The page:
Consistent contributions to tax-advantaged retirement accounts can help them grow from seedlings to a solid and sizeable amount of money for your post-work years. (Photo by micheile henderson on Unsplash) The stock market has been on a roll, rather than a roller coaster, of late. On Friday, March 1, The Nasdaq recorded its first record close in more than two years. The Dow and S&P 500 are off to their best start to a year since 2019. That's more good news for investors, particularly those whose holdings are in retirement accounts. These savers already saw their retirement vehicles achieve their... Read more →


Taxpayer Advocacy Panel (TAP) members adorn the cover of the federal tax advisory committee's 2022 report. Do you constantly look at things and think, I know how to make that better? Then the Internal Revenue Service wants you. Specifically, the IRS' Taxpayer Advocacy Panel (TAP) wants you. This all-volunteer group with members from across the United States, Washington, D.C., and Puerto Rico is committed to improving the IRS and the U.S. tax system. An additional member represents the interests of taxpayers working, living, or doing business abroad. "TAP volunteers consistently work to identify issues, and most importantly, come up with... Read more →


Photo by Kay Bell Not only was last Sunday's Super Bowl LVIII the most watched National Football League championship game ever, it set a betting record. In case you were one of the apparently very few who missed it, the Kansas City Chiefs beat the San Francisco 49ers in overtime. The comeback was similar to the less dramatic result back in 2020, when the two teams faced off in Super Bowl 54. That year, MVP quarterback Patrick Mahomes and not-yet-Taylor-Swift's boyfriend Travis Kelce raised their first Lombardi Trophy. The Nevada Gaming Control Board tallied $185.6 million in bets across 182... Read more →


Muddy tracks photo by Sean Foster on Unsplash June 17 is becoming the new Tax Day for many taxpayers. Unfortunately for them, the two additional months are because they live in areas hit by major disasters. West Virginia taxpayers are the latest to join this unwelcome club. Other states where individual and business tax filers have a disaster-related June 17 deadline are Connecticut, Maine, Rhode Island, and Tennessee. In West Virginia, the Internal Revenue Service has announced tax relief for Mountain State taxpayers in Boone, Calhoun, Clay, Harrison, and Kanawha counties. Those five WV counties sustained damages from severe storms,... Read more →


Most states hold sales tax holidays in late summer, pegging he events to the resumption of the school year. But there are a few tax holiday over-achievers. They supplement their back-to-school tax-free events with additional sales tax savings. The standard bearer of late has been Florida. The Sunshine State in 2022 and 2023 enacted a variety of tax holidays, some of which extended into this year. Florida also kicked off 2024 with a semester break back-to-school tax holiday in January. Other states' special shopping events will include no taxes on emergency supplies, energy efficient products, food, and even firearm-related purchases.... Read more →


Photo by Waldemar on Unsplash The major challenge for Congress right now is finalizing funding so the federal government won't shut down in March. But some members also are, as noted in yesterday's post, trying to get a mini tax extenders measure passed. And that's not the only tax bill on some lawmakers' minds. A bill to eliminate the federal estate tax was introduced just as the larger bipartisan House/Senate tax bill was clearing the House Ways and Means Committee. Estate tax elimination effort. Again: Some cynical Washington, D.C., watchers might say this bill was introduced primarily for political purposes.... Read more →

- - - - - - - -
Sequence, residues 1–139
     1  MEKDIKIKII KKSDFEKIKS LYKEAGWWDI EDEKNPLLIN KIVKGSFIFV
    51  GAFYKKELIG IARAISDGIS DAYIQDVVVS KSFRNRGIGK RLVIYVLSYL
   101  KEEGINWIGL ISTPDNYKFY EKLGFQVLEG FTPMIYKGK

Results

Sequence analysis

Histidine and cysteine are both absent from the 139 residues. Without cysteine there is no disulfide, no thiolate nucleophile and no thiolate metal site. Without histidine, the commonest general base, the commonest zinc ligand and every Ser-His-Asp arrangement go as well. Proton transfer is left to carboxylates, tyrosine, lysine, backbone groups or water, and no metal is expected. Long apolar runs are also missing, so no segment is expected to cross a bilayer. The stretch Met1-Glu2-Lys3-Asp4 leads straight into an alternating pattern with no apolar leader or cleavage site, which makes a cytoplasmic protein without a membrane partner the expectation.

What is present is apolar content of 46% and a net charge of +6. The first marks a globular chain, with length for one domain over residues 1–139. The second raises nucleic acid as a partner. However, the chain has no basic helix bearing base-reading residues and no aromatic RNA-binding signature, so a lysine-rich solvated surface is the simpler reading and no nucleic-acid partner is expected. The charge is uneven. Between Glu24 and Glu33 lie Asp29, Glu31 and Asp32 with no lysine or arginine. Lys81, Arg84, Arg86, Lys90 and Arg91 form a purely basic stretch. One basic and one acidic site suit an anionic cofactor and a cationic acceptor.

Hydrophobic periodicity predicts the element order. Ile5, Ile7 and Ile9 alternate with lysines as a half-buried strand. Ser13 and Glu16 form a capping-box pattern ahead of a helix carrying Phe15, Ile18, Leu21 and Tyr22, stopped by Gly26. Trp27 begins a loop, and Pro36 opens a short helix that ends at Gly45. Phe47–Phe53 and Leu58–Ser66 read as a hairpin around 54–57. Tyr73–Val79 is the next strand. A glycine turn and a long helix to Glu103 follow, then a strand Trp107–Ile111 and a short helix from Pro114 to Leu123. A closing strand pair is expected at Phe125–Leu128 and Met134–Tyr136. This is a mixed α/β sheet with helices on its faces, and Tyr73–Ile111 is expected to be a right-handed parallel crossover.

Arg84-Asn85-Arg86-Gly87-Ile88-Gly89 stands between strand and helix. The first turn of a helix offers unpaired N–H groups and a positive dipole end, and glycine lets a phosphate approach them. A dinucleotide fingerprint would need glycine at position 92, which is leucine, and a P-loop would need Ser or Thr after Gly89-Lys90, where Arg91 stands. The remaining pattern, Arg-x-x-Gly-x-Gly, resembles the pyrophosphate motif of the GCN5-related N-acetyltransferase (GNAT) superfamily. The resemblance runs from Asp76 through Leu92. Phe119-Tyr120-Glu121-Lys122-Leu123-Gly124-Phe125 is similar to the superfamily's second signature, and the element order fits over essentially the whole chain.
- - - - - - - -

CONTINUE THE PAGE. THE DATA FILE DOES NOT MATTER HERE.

Tax filing season 2024 continues its rollout, with some business returns getting the go-head next week. The key word here is some. Some business forms must wait: While the Internal Revenue Service's Modernized e-File (MeF) status webpage says it will start accepting electronically filed business returns at 9 a.m. Eastern time on Tuesday, Jan. 16, a follow-up announcement has put the brakes on some filings. An IRS QuickAlert email last week noted that some business forms will not be accepted until the full 2024 filing season starts on Monday, Jan. 29. Below is the text of the delay announcement, including... Read more →


The majority of taxpayers get refunds. They also file early each tax season so they can get their money as soon as possible. But some are always disappointed. While the Internal Revenue Service aims for a 21-day turnaround, from the time it gets your return and processes it until the day you have your refund in hand, that's not a rule. To borrow from Capt. Barbossa in the original "Pirates of the Caribbean" movie, it's more of a guideline. The IRS used to issue a chart showing expected refund dates based on when taxpayers filed. Now that document, IRS Publication... Read more →


Unsplash+ in collaboration with Getty Images If you're self-employed, use your car for work, and have taken your last business trip of 2023, go out to your vehicle and take a photo of the odometer. There's no Internal Revenue Service rule that you record your odometer's annual reading. But it's a good idea. A date-stamped smartphone image — either on the last day of the year, the first day of the next year, or, say some tax advisers, on both days — is a digital record that can help you determine how much you drove your vehicle for business. If... Read more →


Photo by Jonathan Meyer on Unsplash My favorite Christmas carol is "We Three Kings." As most know, especially the youngsters who donned paper crowns to play Christmas pageant rulers traversing afar, the song tells the tale of the biblical Magi in Matthew 2:1-12. John H. Hopkins, Jr. wrote the song around 1857. It was part of the United Methodist Hymnal, which was part of my childhood. As a youngster, I was fascinated by these three travelers, often referred to (though not in the carol) as the Magi. It was the first time this West Texas desert dweller had heard of... Read more →